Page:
Cut The Fat From Your Selling

Cut The Fat From Your Selling

It’s time to challenge convention:

  • Do customers require a face-to-face meeting to make a purchase decision?
  • Should customers have to call in or meet a sales rep to get pricing?
  • Do customers really need to receive a proposal?

Companies do a lot of things in sales out of tradition. In the pre-internet days companies relied on large outside sales forces, because they were the most efficient way to connect and communicate with customers. Today, the internet has replaced most of what outside reps do.

Strangely, companies are still relying on outside sales reps versus questioning how their customers really want to buy. This is shaped by preconceived expectations: outside sales reps are better than inside sales; this is the way we’ve always sold; face-to-face interactions are better.

This is the fat, and corporate sales teams are filled with it. It’s time to challenge convention to deliver better sales results. To dramatically speed up sales you’ve got to cut the fat from your sales process.

Reduce the Time to Buy

In 2007 I saw David Berman, then President of WebEx, speak at the Sales 2.0 conference. In his presentation David demonstrated how WebEx had compressed their sales cycle from 90 days to 21 days. His message for the audience was to strip away everything that causes a delay in the sales cycle.

David said the biggest problem with an outside sales force is they create delays with scheduling. Every time you book a face-to-face meeting you’re adding time to the sales process.

Think about it. The customer calls in for pricing information, and instead of giving a quote and driving to a logical next step the sales rep asks for a meeting. The meeting is scheduled a few days later, and the buying process is needlessly slowed down.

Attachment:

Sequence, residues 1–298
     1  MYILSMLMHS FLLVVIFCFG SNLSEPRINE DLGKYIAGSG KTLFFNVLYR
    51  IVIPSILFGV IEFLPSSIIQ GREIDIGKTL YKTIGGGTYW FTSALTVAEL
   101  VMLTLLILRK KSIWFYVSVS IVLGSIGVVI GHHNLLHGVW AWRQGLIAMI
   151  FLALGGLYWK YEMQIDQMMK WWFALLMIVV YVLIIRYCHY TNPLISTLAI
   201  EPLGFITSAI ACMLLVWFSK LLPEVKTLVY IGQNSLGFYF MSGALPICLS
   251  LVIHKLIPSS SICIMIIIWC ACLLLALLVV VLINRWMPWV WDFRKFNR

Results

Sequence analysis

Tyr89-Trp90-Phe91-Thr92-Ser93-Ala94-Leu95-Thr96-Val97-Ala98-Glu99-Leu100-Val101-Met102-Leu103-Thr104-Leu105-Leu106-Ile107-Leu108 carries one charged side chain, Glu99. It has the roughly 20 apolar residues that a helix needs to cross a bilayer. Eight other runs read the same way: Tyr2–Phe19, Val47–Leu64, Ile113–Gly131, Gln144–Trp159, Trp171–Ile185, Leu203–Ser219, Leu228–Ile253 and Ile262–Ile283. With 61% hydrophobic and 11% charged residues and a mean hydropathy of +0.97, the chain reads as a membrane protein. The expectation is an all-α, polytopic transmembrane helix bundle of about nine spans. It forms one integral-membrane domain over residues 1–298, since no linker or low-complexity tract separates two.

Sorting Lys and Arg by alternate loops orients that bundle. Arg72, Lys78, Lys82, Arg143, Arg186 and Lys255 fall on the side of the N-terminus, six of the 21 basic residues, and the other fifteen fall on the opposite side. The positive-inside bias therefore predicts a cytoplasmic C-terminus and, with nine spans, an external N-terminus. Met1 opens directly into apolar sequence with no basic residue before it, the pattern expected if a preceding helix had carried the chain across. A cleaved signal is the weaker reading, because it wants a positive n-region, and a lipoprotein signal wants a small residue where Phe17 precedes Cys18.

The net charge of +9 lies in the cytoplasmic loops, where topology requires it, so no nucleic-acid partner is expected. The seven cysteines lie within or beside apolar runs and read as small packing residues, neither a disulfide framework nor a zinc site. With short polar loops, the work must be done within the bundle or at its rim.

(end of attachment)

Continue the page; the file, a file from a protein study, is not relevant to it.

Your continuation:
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These are the decisions that fatten your sales process. A face-to-face meeting may be a better experience, but is it really what the customer needs to make a purchase decision?

Measure Velocity

Velocity is a measure of how quickly it takes to close a sale.

Velocity is a relatively easy metric to capture. Track the time it takes a customer to move through each phase of your sales funnel from inquiry to close. You can start with some simple metrics:

  • How long does it take for your organization to respond to a website lead? (Anything over twenty-four hours is too long.)
  • How long does it take for a customer to receive pricing?
  • How long does it take to move a customer from inquiry to close?

Once you have time measurements you can start looking for the fat. What can you cut to make it easier for your customers to buy?

My holy grail for a brand is the Two Call Close. This is the ability to sell big deals ($10,000 to $75,000) in two calls over two weeks. This is fast efficient selling, and requires stripping away all the extraneous steps in the sales process.

Make It Simple, Really Simple

Again and again organizations complicate things. It may be “best practice” to have face-to-face meetings or write long winded proposals, but is that what the customer really wants?

Put yourself in your customers’ shoes. What do they want? When do they want it? How can you make buying your services super easy and simple?

These are big complex questions, and what works for one organization may not work for yours. But if you get obsessive in making buying your services simple and easy you’ll find there’s plenty of fat in your sales process — fat you’ll be glad to cut.